What To Do Before and After an Earthquake

What To Do Before and After an Earthquake

The recent large earthquakes in Southern California are a reminder to always be earthquake-ready.

Earthquakes come on suddenly, with very little warning. They can be a sharp jolt followed by the ground shaking and cracking, or waves rolling across the ground.

Earthquakes can hit anywhere at any time, and while the West Coast is considered “earthquake country,” the U.S. Geological Survey warns that earthquakes have been registered in every state in the union, with special seismic hazards for areas encompassing the western-third of the nation, and areas extending from Missouri and Illinois to most of the Eastern Seaboard.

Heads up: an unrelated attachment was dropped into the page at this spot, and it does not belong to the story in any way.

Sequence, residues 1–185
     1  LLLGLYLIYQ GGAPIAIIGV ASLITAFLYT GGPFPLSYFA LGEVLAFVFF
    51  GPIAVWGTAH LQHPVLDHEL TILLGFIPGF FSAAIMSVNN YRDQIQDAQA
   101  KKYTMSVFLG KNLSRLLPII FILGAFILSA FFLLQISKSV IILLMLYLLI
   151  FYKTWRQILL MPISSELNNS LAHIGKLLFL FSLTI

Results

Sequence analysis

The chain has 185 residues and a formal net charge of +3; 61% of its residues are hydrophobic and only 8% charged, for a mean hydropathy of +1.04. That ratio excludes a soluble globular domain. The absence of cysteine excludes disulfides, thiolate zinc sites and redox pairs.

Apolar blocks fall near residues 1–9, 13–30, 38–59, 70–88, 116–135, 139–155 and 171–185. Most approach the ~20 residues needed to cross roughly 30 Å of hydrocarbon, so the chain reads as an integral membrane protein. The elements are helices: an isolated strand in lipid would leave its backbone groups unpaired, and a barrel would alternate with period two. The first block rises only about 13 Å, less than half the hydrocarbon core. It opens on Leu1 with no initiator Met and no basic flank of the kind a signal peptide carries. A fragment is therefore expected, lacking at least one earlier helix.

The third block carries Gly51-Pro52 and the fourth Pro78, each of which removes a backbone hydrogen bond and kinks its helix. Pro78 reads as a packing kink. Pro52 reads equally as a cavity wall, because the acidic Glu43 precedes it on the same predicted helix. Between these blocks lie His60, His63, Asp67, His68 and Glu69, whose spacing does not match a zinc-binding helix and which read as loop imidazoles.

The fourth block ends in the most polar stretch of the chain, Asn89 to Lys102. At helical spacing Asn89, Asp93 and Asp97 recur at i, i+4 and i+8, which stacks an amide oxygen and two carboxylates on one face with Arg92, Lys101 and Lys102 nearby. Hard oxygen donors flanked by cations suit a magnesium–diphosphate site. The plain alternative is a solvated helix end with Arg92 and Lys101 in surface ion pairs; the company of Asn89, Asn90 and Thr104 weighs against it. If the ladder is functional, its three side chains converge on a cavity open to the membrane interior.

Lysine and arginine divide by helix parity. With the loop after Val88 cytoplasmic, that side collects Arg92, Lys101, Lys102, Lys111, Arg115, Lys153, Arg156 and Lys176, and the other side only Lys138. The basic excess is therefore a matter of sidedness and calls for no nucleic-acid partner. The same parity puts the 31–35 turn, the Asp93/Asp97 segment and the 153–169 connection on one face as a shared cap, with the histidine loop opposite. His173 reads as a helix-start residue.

After an earthquake strikes many are often left disoriented and full of adrenaline –psyche and security shaken as much as their house. Post-quake your home or apartment may look damage-free, but there can be many hidden dangers.

After checking your family and others for injuries, here are key steps you need to take to ensure your safety:

  1. Check for gas and water line leaks. Know where the shutoff valves are if you smell gas or detect water leaking to prevent fires and water damage.
  2. Be aware of downed power lines.They can still carry a dangerous current.
  3. Inspect chimneys and brick areas for cracks. If cracked, they could send dangerous debris down on you or others.
  4. Check water heater and furnace vents. If they have become separated, it could send dangerous carbon monoxide into the home.